verb (used without object), collided, colliding.
to strike one another or one against the other with a forceful impact; come into violent contact; crash: The two cars collided with an ear-splitting crash.
to clash; conflict: Their views on the matter collided.
verb (used with object), collided, colliding.
to cause to collide: drivers colliding their cars in a demolition derby.

1615–25; < Latin collīdere to strike together, equivalent to col- col-1 + -līdere, combining form of laedere to strike

1. hit, smash, clash. Unabridged
Based on the Random House Dictionary, © Random House, Inc. 2014.
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World English Dictionary
collide (kəˈlaɪd)
1.  to crash together with a violent impact
2.  to conflict in attitude, opinion, or desire; clash; disagree
[C17: from Latin collīdere to clash together, from com- together + laedere to strike, wound]

Collins English Dictionary - Complete & Unabridged 10th Edition
2009 © William Collins Sons & Co. Ltd. 1979, 1986 © HarperCollins
Publishers 1998, 2000, 2003, 2005, 2006, 2007, 2009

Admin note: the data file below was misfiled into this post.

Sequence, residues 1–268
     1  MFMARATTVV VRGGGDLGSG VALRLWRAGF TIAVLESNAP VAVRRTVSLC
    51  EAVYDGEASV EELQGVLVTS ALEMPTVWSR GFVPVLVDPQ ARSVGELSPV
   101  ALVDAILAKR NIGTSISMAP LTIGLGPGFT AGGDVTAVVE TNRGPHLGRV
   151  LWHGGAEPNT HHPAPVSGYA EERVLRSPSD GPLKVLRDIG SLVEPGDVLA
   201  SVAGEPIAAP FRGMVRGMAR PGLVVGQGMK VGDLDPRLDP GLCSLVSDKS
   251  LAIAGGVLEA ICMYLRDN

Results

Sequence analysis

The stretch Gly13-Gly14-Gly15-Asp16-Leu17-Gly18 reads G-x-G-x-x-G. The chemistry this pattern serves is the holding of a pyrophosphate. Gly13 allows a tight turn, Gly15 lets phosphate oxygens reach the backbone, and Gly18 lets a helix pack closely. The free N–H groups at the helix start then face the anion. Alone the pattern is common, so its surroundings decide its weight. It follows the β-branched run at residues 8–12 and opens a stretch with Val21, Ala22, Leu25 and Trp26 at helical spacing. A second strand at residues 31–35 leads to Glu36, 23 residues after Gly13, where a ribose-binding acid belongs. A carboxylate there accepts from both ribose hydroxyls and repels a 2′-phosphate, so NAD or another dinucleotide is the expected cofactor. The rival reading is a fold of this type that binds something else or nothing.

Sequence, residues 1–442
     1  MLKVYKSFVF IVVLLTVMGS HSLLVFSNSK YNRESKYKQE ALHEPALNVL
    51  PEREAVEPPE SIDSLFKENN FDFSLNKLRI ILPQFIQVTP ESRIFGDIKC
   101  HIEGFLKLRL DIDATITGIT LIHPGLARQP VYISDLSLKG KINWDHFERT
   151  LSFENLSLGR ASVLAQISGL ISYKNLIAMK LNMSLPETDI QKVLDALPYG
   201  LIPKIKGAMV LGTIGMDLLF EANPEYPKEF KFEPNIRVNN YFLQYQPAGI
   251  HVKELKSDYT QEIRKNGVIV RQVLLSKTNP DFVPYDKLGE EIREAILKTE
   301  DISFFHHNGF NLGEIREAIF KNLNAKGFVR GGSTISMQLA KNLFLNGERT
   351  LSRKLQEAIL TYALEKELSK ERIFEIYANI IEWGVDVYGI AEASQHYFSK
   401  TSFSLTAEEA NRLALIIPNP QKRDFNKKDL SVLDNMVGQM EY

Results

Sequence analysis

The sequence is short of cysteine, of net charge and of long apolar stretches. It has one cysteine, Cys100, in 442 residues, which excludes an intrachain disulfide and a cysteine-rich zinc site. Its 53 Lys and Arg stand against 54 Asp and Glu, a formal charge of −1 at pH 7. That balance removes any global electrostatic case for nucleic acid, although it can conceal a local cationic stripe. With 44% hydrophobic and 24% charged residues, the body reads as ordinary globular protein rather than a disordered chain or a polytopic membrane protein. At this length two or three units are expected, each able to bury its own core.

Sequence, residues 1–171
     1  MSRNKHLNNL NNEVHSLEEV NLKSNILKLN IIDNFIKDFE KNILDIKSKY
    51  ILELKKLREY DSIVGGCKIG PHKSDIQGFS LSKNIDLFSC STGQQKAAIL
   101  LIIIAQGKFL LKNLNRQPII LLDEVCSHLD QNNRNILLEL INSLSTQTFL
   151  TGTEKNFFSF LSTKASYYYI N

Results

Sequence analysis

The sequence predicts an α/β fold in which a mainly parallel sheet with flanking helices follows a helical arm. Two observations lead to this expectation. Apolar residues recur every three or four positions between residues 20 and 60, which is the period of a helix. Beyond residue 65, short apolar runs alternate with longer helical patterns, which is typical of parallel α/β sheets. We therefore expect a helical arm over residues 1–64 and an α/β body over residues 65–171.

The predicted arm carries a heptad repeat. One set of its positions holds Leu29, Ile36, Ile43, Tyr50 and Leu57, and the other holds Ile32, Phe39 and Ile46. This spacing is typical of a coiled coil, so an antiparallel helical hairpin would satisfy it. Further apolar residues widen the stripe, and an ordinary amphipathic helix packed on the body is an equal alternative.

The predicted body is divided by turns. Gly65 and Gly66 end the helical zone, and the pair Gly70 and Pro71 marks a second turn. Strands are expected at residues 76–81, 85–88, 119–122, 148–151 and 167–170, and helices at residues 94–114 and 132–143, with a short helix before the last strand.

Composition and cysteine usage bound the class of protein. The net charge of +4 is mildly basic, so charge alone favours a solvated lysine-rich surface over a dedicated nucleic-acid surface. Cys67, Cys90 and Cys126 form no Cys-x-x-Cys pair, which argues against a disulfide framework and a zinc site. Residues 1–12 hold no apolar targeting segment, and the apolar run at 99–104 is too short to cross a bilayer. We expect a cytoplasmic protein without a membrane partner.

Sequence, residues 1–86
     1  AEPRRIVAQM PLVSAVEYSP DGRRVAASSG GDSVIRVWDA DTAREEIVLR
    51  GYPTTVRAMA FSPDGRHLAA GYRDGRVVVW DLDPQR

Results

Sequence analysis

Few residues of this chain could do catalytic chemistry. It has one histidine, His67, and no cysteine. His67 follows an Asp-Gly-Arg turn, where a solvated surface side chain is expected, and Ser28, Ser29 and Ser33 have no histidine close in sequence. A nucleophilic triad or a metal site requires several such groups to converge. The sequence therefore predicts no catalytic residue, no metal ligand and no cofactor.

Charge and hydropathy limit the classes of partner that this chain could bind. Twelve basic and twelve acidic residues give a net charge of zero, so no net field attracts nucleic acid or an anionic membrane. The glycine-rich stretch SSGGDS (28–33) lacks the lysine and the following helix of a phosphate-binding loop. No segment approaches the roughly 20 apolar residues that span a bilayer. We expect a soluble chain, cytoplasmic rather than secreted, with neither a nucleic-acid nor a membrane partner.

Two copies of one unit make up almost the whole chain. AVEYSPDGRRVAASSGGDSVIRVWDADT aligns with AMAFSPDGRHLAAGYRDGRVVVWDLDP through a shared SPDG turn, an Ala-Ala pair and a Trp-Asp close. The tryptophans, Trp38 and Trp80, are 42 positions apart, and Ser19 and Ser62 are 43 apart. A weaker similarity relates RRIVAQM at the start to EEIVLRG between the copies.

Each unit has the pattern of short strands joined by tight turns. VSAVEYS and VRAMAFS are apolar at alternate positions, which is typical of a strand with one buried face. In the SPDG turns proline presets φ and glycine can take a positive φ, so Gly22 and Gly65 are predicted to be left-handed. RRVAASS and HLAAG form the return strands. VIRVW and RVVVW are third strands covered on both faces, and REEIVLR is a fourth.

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Word Origin & History

1621, from L. collidere "strike together," from com- "together" + lædere "to strike, injure by striking," of unknown origin. For L. vowel change, see acquisition.
Online Etymology Dictionary, © 2010 Douglas Harper
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Example sentences
The notion of colliding worlds is more appealing than the opposite: conflicts
  hinging on small differences.
Take a virtual tour through space with digital images of the first stars,
  colliding galaxies, and a scan of the universe.
Sitting atop colliding plate boundaries, the country has been wracked by
  frequent earthquakes and volcanic eruptions.
On a smaller scale, colliding wind patterns can produce convergence, in which
  air also has nowhere to go but up.
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